Q: What can doctors do for osteoarthritis?
Osteoarthritis is a non-inflammatory form of arthritis most commonly caused by aging. Joint injuries and overuse can also contribute to patients developing the condition. Osteoarthritis occurs when the cartilage that cushions the end of a person’s bones wears down, causing joint pain and stiffness.
Rheumatologists are experts at distinguishing osteoarthritis from other forms of arthritis and creating a treatment plan to relieve pain and slow disease progression. One of the most effective strategies we recommend is to stay active and maintain muscle strength. When the muscles around affected joints are strong, joints are more stable, more flexible, and less painful.
As activity can sometimes worsen pain, rheumatologists may refer patients to Physical Therapy for help with developing an exercise and strengthening program. Weight loss can also be helpful for some people in alleviating pain and slowing arthritis progression.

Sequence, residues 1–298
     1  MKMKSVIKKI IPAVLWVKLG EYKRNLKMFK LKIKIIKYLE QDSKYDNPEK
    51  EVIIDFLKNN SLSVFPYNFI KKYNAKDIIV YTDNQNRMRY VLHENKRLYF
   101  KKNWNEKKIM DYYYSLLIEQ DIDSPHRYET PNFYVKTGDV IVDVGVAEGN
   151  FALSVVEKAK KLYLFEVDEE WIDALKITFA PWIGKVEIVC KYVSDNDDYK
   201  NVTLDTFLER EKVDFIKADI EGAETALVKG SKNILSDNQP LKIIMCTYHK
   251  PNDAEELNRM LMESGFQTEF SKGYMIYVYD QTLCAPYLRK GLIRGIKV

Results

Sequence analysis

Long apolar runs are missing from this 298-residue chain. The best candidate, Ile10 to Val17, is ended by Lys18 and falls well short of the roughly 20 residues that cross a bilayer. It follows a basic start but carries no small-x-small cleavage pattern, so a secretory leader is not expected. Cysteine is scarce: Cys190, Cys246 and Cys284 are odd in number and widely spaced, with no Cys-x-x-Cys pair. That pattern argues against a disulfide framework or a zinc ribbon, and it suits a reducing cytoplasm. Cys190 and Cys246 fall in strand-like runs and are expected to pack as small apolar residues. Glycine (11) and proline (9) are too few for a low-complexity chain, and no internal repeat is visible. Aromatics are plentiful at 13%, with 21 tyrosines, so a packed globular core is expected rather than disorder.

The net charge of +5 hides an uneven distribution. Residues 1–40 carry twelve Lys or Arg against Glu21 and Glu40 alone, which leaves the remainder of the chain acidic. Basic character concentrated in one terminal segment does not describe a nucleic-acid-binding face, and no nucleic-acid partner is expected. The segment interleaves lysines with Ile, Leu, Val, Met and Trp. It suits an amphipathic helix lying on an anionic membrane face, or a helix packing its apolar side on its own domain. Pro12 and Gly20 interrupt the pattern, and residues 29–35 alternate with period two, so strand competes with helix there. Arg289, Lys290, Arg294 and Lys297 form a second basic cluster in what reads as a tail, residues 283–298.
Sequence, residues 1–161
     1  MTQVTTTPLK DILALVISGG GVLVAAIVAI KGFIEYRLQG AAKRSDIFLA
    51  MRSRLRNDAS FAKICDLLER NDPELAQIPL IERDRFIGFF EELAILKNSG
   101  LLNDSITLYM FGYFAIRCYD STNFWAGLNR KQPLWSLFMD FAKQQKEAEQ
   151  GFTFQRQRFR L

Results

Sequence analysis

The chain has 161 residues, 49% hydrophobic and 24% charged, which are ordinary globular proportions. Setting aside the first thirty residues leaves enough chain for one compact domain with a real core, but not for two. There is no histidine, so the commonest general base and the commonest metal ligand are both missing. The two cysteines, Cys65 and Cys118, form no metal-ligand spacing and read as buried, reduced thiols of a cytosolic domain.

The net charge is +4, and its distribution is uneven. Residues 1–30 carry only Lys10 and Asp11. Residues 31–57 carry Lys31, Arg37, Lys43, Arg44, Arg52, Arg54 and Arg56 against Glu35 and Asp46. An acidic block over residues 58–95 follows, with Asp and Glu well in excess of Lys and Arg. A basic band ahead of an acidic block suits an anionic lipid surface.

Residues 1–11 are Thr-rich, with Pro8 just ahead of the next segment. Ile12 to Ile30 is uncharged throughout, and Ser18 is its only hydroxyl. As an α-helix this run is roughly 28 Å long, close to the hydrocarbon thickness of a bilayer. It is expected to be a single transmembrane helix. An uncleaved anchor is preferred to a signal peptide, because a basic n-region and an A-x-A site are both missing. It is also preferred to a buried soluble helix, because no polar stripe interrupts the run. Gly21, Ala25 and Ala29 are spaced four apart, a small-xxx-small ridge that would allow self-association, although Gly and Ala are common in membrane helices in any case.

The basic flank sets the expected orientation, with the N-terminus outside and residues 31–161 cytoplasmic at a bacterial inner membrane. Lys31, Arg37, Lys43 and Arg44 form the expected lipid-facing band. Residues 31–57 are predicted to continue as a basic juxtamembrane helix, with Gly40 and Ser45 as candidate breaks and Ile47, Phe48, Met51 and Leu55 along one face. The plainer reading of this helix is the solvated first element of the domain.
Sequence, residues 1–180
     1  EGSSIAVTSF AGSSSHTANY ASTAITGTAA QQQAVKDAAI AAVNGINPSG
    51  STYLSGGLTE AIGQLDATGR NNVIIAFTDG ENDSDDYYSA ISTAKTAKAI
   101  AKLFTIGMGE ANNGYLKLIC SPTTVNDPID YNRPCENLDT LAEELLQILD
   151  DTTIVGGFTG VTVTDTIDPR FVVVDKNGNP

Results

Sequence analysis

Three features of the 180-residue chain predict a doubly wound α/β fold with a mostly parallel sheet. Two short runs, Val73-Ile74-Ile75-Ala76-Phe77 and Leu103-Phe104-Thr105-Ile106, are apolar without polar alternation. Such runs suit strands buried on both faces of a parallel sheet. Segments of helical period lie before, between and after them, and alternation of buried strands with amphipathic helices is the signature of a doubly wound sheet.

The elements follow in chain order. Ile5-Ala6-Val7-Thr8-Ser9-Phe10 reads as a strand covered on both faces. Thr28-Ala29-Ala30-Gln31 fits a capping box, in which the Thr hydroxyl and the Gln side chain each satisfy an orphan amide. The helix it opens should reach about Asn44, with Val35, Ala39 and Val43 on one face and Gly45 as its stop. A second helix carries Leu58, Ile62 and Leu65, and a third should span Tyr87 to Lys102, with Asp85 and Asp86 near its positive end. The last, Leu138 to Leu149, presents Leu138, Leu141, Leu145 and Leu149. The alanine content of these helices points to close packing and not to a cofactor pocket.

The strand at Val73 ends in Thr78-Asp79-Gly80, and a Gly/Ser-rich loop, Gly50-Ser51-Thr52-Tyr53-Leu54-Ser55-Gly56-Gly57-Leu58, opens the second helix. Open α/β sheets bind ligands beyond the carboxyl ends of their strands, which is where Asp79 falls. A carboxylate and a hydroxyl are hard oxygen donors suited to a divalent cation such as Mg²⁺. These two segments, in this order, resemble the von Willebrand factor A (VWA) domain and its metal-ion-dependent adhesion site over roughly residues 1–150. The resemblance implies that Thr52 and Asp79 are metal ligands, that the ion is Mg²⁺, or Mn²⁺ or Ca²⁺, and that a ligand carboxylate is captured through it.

Pain relievers are another option for managing the disease and allowing people to continue the activities they enjoy. In general, it’s best to minimize the use of potentially addicting medications and choose oral or topical anti-inflammatories, cortisone injections, and medications such as duloxetine and gabapentin instead. A doctor can review the use of any over-the-counter pain relievers and dietary supplements.
When these measures no longer adequately control symptoms, we can provide referrals to our Pain Medicine and Orthopedics departments. Radiofrequency ablation is an exciting therapy that has been used to alleviate pain from spine arthritis and is now being performed for some individuals with knee arthritis. A joint replacement can provide long-term pain relief when other measures are no longer effective.
—Theresa Karplus, MD
Theresa Karplus is a rheumatologist at Vancouver Clinic. She wants patients to feel heard and hopeful, and to know that they have a partner who is committed to helping them feel better.